The Kokin Wakashu was the first anthology in the Nijuichidaishu. The Nijuichidaishu was a series of 21 collections of Japanese poetry that were accumulated under the request of the Imperial court. At the time, the Nijuichidaishu was the most significant development of the ideas of poetry. It also served as a guide on the format of Japanese poetry until the end of the 19th century.
The Kokinshu was divided into two categories. The first category was about the four different seasons, namely, spring, summer, autumn, and spring. The second category was about love. The primacy of the poems in the first category served as the model until today in the haiku tradition.
Tsurayuki was also tasked to write the Japanese preface of the Kokinshu. The second preface was written in the Chinese language. The preface written by Tsurayuki was the start of Japanese criticism that was far different from the Chinese poetics that was more prevalent at the time.
In English, the preface written by Ki no Tsurayuki is called the Japanese preface. This was to distinguish the preface written by Tsurayuki from the Chinese preface called mana-jo written by Ki no Yoshimochi. The Japanese preface was the first poetic criticism written in the style of waka. The preface was also considered the predecessor of the following works of karon.
Another innovation incorporated in the Kokinshu was the concept of including both old and new poems into the compilation. This idea was later on employed in later works of both verse and prose. Though the poems were written in different periods of time, they were arranged in a way that let the readers understand the progression of the poems as well as its fluctuations.
Based on the textual tradition, the exact number of poems compiled in the Kokinshu is different. More or less, the Kokin Wakashu consists of more than a thousand poems, primarily of waka. An online edition centered on a manuscript done by Fujiwara no Teika can be found that consists of 1,111 poems.
The name of the author of every poem in the Kokinshu was included by the compilers. Furthermore, they also included the topic of the poem composed as well as the inspiration behind it (if known). The Kokinshu included several major poets aside from Tsurayuki and the other compilers such as Ariwara no Narihira, Fujiwara no Okikaze, and Ono no Komachi. Being included in the imperial poetic anthologies were considered a privilege as well as an honor.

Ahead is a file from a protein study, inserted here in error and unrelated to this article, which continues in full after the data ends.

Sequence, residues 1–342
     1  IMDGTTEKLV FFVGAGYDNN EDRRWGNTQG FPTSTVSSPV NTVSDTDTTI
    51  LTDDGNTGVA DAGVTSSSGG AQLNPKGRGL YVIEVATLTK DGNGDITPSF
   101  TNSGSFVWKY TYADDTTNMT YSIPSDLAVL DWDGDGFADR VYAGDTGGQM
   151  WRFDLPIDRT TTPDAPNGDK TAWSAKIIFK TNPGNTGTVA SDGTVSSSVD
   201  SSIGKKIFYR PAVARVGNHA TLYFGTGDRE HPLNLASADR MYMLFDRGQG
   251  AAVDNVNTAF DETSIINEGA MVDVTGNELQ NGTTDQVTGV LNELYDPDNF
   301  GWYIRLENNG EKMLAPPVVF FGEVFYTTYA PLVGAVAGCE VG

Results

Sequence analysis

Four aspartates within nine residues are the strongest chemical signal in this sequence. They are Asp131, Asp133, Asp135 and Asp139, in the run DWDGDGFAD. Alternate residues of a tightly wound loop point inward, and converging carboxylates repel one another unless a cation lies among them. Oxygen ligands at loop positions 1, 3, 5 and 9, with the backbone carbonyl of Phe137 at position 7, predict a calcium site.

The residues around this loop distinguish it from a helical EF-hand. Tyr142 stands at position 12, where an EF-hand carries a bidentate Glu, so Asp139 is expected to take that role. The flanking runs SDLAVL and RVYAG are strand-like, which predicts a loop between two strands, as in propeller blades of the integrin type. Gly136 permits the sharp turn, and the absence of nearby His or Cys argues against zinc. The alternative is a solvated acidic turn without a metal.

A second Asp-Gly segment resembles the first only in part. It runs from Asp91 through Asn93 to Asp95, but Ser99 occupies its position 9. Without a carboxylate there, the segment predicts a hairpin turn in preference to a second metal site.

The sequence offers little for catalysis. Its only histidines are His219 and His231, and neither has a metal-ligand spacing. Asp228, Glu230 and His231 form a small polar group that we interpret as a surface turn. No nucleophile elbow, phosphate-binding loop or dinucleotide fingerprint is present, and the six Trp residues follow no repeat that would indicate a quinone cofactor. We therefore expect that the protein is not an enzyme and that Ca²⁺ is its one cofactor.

Some of His Poems Found in Kokin Wakashu
In Kokinshu Book I Poem 2, Ki no Tsurayuki composed a poem on the first day of spring. The poem went, “sode Fidite; musubisi mizu no; koForeru wo; Faru tatu keFu no; kaze ya tokuran.” It translates to, “Once I wet my sleeves; Scooping water; It’s frozen now; On this first day of spring; Will the wind melt it, I wonder?”
In Kokinshu Book I Poem 22, Ki no Tsurayuki composed a poem on the command of the Emperor. The poem went, “kasuga no no; wakana tumi ni ya; sirotaFe no; sode FuriFaFete; Fito no yukuran.” It translates to, “To the fields of Kasuga; To gather fresh herbs; All in white; Sleeves aflutter; Do the girls go?”
In Kokinshu Book I Poem 42, Ki no Tsurayuki composed a poem inspired by his host. He used to stay at a certain person’s home every time he traveled to Hatsuse on a pilgrimage. It had been some time since he last visited but upon his visit, his host told him that there would always be a place for Tsurayuki there.
Upon hearing this, Tsurayuki went to a nearby tree and broke a spray of plum blossom. He composed a poem that went, “Fito Fa isa; kokoro mo sirazu; Furusato Fa; Fana zo mukasi no; ka ni nioFikeru.” It translates to, “Of people: one cannot; Know their hearts; But in my home of old; The blossom, with its ancient; Scent perfumes the air.”
In Kokinshu Book II Poem 128, Ki no Tsurayuki composed a poem inspired by the song of a bush warbler, which he had not heard for quite some time. The poem went, “nakitomuru; Fana si nakereba; uguFisu mo; Fate Fa mono’uku; narinuberanari.” It translates to, “With a song he tried to keep; The blossoms, yet now they’re gone; So the warbler too; At the last, in melancholy; Has sunk, it seems.”
In Kokinshu Book III Poem 156, Ki no Tsurayuki composed a poem for a poetry contest during the Kanpyo era. This competition was held by the Empress. The poem went, “natu no yo no; Fusu ka to sureba; Fototogisu; naku Fito kowe ni; akuru sinonome.” It translates to, “On a summer night; I wonder if I should go to bed, and then; A cuckoo; Gives a single cry and; Bright dawn breaks.”
In Kokinshu Book IV Poem 232, Ki no Tsurayuki composed a poem for the Maidenflower Poetry Contest held at the Suzaku Palace. The poem went, “ta ga aki ni; aranu mono yuFe; wominaFesi; nazo iro ni idete; madaki uturoFu.” It translates to, “Alone for you Autumn; Has not come; Maidenflowers; So why do you colour; So swiftly, then fade?”
In Kokinshu Book V Poem 256, Ki no Tsurayuki composed a poem inspired by the autumn leaves that he saw at Otowayama upon going down to Ishiyama. The poem went, “aki kaze no; Fukinisi Fi yori; wotoFayama; mine no kozuwe mo; irodukinikeri.” It translates to, “The Autumn wind; Blew and since that day; On Otowa Mountain; The tips of the trees on the peak; Have been touched with colour.”
In Kokinshu Book VII Poem 352, Ki no Tsurayuki composed a poem for the folding screen at the back of Prince Motoyasu. This poem was written during the prince’s 70th birthday celebration. The poem went, “aru kureba; yado ni madu saku; mume no Fana; kimi ga titose no; kazasi to zo miru.” It translates to, “When the spring has come; First flowering at my house; The plum blossoms; In your thousandth year; I see you with them in your hair.”